Monday, September 18, 2017

# 926.

This is coolbert:

Canberra B-57 bomber once again a topic for discussion. Flying high and doing yeoman service.

Thanks for the tip from Al.

"An airbase without a runway: What does Hanscom do?"

"Hanscom air force base, Massachusetts, USA."

"What goes on behind the barbed wire fence surrounding Hanscom Air Force Base?"

Fences, barbed wire and closed doors.

"No fighter jets take off and land there. The runways that used to be owned by the Air Force are now owned by Massport."

An airbase without runways not entirely correct. Hanscom at one time having a considerable contingent of resident combat warplanes. The current runways as stated now commercially operated and quite active.

United States Air Force [USAF] research and development [R and D]. Civilian agencies working hand and glove with the USAF to produce advanced systems.

"Perhaps the most significant tool developed by units at Hanscom in recent years is the Battlefield Airborne Communications Node, or BACN. Dennis described it as a 'universal translator,' helping troops on the ground talk--and give precise targeting coordinates--to pilots supporting them from the sky. Without it, Dennis said, troops had the difficult job of describing the target to pilots, and hoping they picked the right one."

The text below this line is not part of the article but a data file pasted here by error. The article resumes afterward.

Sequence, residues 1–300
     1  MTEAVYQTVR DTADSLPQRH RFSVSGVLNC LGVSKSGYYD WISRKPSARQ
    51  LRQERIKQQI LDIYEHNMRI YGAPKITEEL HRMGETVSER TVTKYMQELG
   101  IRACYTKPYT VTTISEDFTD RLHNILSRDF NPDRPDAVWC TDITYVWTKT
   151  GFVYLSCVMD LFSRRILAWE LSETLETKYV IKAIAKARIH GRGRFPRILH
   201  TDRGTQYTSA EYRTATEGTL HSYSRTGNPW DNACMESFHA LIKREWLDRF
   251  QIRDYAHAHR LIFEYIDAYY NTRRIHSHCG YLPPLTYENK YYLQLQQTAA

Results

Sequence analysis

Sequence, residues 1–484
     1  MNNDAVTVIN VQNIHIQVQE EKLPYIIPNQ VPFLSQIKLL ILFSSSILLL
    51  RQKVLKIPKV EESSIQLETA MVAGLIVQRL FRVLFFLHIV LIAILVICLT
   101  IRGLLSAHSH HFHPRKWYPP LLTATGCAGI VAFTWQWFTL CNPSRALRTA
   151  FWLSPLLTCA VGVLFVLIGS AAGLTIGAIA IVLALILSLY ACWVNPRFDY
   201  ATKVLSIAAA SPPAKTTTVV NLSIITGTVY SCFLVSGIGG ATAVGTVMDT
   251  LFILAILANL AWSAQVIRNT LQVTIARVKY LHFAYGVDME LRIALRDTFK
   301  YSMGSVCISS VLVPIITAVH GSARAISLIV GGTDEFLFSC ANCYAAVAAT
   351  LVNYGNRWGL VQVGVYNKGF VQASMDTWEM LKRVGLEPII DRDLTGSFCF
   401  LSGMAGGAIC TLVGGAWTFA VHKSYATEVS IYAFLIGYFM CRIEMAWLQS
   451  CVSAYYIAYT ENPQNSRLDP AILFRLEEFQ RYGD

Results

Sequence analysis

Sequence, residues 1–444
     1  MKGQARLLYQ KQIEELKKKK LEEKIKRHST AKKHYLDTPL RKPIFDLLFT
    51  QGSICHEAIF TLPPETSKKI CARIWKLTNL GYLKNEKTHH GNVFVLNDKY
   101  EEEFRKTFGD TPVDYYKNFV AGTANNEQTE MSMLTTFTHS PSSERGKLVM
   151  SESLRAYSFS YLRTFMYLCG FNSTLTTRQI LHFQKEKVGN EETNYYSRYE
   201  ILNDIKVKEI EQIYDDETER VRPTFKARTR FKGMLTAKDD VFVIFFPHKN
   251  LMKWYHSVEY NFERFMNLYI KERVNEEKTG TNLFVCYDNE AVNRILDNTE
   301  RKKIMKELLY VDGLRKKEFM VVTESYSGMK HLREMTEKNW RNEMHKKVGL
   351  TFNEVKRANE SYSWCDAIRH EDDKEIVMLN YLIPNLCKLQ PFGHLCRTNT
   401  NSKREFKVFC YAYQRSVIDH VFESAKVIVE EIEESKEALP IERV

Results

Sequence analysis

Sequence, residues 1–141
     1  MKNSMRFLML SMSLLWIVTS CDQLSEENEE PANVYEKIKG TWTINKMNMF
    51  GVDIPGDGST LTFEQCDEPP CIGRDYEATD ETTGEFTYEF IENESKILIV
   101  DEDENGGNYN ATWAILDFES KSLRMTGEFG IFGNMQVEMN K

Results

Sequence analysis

BACN as tested by an ancient but venerable and still flying WB-57! Sixty years and still going strong for the Canberra!

"The system was tested using a converted 1950s bomber called the WB-57 Canberra, Dennis said, which was flown into Hanscom for the Sept. 13 expo. Now, the system is flying in combat on aircraft and drones."

NASA 926 was the first aircraft to have BACN technology installed, and it has been utilized in the program on and off since the beginning. The BACN system is designed to be used at high altitudes, which makes the high flying WB-57 a good choice for a flight test bed

Please recall B-57 able to reach and altitude of in excess of 50,000 feet [16,000 meters]!!

See previous blog entries the topic of which was the B-57:


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